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Exclusively published to the Touchstone website each week, these Daily Reflections are brief commentaries on the lectionary readings contained in the St. James Daily Devotional Guide. The reflections are penned by Patrick Henry Reardon, editor of the Daily Devotional Guide and a senior editor of Touchstone. Father Reardon provides here a very brief directional clue for one of the texts each day. Long-time readers of the Daily Devotional Guide will find these reflections an additional help to their reading of Holy Scripture which they can print and keep with their Guide.

The Daily Reflections will be updated weekly.

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Sunday, August 14

Philippians 2:12-30: Paul now returns to the theme of Christian obedience, the very theme that had prompted him to quote the hymn recorded in 5:5-11. He want the Philippians (“Therefore”) to be obedient according to the model of Christ Himself (verse 12).

However, having just recalled that hymn about salvation, Paul's mind is full of this latter theme as well. In just two verses (12-13), then, he goes from speaking about obedience to speaking about salvation.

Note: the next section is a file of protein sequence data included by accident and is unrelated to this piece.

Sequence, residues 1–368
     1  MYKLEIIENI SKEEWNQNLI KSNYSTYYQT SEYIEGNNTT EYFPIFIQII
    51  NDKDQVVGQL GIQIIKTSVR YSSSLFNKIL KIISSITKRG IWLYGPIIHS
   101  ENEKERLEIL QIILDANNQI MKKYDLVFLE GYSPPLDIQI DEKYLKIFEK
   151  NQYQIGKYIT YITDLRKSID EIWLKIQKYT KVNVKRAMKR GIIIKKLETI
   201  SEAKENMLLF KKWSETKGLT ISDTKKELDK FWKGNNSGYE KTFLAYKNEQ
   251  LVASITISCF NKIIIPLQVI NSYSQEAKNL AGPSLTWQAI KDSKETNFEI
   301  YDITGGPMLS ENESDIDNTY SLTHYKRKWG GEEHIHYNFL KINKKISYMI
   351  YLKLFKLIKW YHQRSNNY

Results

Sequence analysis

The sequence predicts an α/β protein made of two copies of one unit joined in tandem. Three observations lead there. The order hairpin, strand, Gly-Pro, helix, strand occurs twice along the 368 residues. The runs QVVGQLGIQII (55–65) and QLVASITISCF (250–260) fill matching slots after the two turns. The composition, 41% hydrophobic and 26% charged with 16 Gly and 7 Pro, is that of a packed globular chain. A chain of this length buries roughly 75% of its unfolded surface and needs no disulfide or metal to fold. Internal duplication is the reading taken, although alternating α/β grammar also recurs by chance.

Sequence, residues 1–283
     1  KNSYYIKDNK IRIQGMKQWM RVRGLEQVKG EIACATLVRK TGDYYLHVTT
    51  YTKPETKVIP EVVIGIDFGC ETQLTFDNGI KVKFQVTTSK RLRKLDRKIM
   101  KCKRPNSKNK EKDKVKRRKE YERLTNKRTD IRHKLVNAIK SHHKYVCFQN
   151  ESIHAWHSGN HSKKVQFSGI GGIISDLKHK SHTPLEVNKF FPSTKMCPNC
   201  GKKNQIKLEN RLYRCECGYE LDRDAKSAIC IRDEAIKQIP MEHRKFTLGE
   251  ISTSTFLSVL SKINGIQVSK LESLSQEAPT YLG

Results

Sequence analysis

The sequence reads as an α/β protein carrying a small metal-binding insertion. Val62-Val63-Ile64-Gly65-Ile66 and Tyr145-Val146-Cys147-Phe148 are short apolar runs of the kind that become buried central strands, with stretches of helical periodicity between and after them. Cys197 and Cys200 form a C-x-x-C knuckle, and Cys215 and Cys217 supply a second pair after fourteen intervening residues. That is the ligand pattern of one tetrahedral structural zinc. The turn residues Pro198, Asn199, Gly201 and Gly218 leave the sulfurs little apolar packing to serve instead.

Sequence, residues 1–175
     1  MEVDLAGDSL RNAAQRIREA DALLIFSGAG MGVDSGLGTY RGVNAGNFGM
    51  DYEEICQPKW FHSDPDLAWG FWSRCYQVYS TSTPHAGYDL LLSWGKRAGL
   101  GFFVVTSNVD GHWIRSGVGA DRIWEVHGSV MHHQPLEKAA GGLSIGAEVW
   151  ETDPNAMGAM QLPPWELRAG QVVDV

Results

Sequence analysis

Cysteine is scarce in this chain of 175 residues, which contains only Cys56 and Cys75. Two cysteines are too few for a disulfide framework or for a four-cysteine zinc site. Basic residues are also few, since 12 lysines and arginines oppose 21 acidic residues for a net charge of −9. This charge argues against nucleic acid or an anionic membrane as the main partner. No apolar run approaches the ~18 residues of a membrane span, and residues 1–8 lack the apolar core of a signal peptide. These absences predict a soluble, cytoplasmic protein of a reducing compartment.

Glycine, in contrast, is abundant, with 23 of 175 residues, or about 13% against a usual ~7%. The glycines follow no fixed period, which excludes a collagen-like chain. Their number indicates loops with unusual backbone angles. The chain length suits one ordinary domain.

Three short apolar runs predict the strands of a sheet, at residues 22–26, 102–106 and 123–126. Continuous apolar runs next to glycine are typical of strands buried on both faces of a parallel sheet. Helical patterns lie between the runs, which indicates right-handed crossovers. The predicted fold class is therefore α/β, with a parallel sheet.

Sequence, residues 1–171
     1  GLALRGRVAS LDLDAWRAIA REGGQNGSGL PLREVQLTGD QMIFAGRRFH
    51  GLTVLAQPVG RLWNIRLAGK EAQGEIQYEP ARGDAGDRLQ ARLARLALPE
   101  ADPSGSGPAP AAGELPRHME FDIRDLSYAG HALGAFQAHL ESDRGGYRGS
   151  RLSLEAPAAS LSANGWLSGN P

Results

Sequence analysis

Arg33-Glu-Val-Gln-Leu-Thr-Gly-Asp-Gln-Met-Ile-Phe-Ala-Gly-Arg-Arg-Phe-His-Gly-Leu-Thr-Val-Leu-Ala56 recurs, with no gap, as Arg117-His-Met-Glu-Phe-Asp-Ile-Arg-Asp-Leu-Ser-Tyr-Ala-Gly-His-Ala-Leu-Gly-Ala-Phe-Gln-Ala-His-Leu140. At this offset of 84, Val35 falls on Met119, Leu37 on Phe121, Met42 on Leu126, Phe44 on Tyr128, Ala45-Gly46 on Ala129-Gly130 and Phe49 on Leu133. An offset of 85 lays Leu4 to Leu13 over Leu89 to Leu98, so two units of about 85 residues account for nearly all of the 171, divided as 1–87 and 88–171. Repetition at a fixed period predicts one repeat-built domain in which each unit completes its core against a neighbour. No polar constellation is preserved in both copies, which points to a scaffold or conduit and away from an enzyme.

In verses 12-18 we discern a ringing resemblance to the farewell discourse of Moses in Deuteronomy 31-32. In that passage, where Moses reprimanded the Chosen People for their disobedience, we note an emphasis on “rebellion” (erethismon in the Septuagint of Deuteronomy 31:27), an idea very close to Paul's warnings against “partisanship” (eritheia; cf. 1:17; 2:3).

Moses feared for what those Israelites would do in his absence (for he was about to die), if they have been so consistently disobedient while he was present. Paul, by contrast, does not worry about the Philippians will do in his absence (verse 12). Moses, likewise, had called the Israelites “wicked children . . . a crooked and perverse generation” (Deuteronomy32:5), whereas Paul calls the Philippians “blameless and harmless children of God . . . in the midst of a crooked and perverse generation” (verse 15).

It is possible that Paul, as he waited in prison for a death that seemed perhaps imminent (1:20-23), perceived some parallel between himself and Moses as the latter awaited death east of the Jordan. Both were, it appeared, taking leave of the people they had pastured. Whereas Moses, however, was filled with misgivings about those whom he was leaving, Paul felt nothing but confidence in his Philippians.